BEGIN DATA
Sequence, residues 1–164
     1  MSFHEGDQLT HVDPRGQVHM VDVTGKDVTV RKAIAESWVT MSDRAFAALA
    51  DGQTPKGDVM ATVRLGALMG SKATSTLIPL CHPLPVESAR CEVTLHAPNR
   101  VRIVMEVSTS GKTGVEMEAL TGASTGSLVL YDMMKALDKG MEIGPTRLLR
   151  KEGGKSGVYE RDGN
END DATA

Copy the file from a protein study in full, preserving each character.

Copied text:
Sequence, residues 1–164
     1  MSFHEGDQLT HVDPRGQVHM VDVTGKDVTV RKAIAESWVT MSDRAFAALA
    51  DGQTPKGDVM ATVRLGALMG SKATSTLIPL CHPLPVESAR CEVTLHAPNR
   101  VRIVMEVSTS GKTGVEMEAL TGASTGSLVL YDMMKALDKG MEIGPTRLLR
   151  KEGGKSGVYE RDGN